Fortunately, we had another property next door. We took over that building. And we changed it and fix it. We painted it up, and set up a computer server. We started from scratch again. Long story short, our core business stayed intact.
What I Learned from My Father
The first years when I started working for him were hard. His view was, “My son, what I forgot, you haven’t even learned yet.” [laughs]. But you know? But being hard on me, I think worked out.
The whole business was based on his philosophy. We focus on the details, the little things. Because Aruba is a small island, you cannot grow deep. You cannot have 10 men’s shoe stores. You have to grow wide. So you add ladies shoes and socks. The market is small. And so we moved into real estate, business-to-business sales, additional retail stores.
On Diversifying a Business
I believe in doing homework. We joined all types of retail memberships and retail associations. We read about the trends in that field. We visited shows all around the world on the latest technologies, latest trends and stuff like that. But it’s just homework, homework, homework.
On Competing with the Likes of Amazon
I was not okay with the belief that retail was closing down. Or that traditional business is not going to work in the future. And that the future generation will not have a job.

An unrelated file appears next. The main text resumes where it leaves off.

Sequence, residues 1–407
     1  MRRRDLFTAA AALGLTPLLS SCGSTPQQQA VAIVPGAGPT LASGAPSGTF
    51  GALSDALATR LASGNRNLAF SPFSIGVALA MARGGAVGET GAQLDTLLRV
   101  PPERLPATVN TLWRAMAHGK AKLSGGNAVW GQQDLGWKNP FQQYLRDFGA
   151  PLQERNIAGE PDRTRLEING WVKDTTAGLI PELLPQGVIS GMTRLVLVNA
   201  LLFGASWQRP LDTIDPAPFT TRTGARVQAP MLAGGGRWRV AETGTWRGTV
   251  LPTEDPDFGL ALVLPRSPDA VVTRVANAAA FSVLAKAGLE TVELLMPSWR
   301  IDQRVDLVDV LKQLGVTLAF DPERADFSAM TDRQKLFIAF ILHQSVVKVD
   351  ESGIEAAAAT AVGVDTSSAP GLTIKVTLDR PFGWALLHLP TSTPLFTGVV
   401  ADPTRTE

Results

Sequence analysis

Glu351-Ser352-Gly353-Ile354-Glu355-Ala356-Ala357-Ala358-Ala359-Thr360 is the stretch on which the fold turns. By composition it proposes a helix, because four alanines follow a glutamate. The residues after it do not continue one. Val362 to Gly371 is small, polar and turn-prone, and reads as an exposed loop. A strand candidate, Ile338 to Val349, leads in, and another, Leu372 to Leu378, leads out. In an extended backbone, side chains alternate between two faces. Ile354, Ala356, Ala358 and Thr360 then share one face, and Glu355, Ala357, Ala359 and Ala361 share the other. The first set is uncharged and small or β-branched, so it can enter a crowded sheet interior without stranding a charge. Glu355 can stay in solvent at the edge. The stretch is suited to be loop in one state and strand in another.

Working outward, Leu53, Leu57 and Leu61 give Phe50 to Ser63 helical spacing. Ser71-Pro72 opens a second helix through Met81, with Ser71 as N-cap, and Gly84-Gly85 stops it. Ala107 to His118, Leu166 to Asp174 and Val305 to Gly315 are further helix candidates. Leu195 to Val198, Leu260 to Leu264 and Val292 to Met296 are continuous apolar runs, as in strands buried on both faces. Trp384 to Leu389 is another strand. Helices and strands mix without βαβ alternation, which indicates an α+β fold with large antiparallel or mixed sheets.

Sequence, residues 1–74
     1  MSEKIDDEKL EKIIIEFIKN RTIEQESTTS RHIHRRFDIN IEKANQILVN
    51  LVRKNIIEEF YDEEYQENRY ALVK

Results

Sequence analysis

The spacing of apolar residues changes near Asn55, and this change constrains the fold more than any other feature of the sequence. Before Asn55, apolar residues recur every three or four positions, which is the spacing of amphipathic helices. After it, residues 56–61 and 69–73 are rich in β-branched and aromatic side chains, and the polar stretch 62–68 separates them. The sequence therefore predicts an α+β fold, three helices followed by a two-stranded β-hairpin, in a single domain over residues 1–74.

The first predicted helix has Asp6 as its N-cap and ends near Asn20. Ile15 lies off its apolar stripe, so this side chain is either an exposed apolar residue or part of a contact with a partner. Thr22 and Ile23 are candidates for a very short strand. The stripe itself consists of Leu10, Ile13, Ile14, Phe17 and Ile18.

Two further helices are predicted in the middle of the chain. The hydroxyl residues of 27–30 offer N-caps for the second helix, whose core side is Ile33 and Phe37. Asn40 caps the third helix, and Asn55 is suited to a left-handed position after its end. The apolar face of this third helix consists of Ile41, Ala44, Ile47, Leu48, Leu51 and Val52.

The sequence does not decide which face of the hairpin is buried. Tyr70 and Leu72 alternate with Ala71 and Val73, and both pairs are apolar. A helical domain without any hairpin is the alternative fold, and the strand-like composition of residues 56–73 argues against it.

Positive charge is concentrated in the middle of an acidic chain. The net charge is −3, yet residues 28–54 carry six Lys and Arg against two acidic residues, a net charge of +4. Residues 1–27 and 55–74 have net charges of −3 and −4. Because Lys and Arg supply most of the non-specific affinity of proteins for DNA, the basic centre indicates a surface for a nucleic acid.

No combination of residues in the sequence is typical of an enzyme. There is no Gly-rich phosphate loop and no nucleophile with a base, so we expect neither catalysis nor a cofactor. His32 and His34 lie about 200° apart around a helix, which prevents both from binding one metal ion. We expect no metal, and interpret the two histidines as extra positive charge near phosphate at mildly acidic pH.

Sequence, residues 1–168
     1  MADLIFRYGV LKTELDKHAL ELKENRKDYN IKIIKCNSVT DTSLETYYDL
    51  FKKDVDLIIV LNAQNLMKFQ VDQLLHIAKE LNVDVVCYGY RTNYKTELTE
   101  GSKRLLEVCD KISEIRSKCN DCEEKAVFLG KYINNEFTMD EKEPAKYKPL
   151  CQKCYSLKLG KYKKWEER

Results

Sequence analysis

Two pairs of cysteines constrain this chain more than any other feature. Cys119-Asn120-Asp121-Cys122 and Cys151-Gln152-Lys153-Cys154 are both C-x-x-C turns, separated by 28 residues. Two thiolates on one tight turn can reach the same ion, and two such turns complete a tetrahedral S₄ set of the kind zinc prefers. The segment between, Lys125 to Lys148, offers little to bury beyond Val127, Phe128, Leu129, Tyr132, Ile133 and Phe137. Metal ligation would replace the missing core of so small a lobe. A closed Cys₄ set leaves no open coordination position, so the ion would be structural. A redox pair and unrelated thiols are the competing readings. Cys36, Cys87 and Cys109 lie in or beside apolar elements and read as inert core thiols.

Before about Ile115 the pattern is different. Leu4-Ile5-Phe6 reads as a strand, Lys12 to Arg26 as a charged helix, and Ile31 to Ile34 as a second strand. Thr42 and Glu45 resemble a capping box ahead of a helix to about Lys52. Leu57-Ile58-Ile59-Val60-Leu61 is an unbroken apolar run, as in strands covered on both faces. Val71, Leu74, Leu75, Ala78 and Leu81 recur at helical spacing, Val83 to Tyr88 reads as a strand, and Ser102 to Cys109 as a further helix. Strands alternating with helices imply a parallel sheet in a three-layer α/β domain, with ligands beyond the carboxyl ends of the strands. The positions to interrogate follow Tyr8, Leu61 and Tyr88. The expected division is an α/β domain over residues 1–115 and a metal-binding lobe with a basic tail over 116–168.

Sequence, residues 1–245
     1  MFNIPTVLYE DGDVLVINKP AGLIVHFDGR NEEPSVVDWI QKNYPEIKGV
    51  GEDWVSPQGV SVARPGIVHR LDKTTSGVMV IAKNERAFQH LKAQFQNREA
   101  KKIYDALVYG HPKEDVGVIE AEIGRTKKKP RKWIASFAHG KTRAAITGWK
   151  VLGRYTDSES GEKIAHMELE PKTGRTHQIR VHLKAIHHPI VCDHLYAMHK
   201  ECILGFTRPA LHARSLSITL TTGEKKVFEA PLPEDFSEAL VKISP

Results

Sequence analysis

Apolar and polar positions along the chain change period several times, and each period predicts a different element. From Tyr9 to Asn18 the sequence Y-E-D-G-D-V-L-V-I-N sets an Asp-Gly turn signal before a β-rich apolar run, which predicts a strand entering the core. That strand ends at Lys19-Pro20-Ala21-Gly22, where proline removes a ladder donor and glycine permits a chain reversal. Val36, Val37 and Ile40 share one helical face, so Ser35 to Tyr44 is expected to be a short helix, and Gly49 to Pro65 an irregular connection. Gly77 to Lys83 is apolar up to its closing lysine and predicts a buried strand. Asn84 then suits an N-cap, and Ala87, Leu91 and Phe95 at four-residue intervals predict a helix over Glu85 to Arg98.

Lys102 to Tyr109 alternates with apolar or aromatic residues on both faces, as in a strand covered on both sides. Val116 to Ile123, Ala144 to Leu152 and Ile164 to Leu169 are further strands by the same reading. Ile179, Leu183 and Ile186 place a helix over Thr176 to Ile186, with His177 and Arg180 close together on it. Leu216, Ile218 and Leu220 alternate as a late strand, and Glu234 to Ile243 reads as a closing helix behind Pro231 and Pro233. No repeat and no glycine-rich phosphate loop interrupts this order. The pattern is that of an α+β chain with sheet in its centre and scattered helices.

So we started focusing on what cannot be beaten by an Amazon. We started a coffee place. And then, we rented out one shoe store, one clothing store, one hair dresser. That’s less competition from online. We even have the Wine Room. It’s a very unique wine place that does tastings and it just got Five-star award from Trip Advisor. So, the formula is on creating more food places and entertainment.
On Being an Entrepreneur
I like new things. I’m not too much into routines. I like that the business is alive. Every season is different, every time you have new challenges.
The First Secret to Success
The only real secret of success is to have a system. With my background of loving mathematics, I was very into computer programming. It’s me wanting to control things, control all the details with a program and set up a system.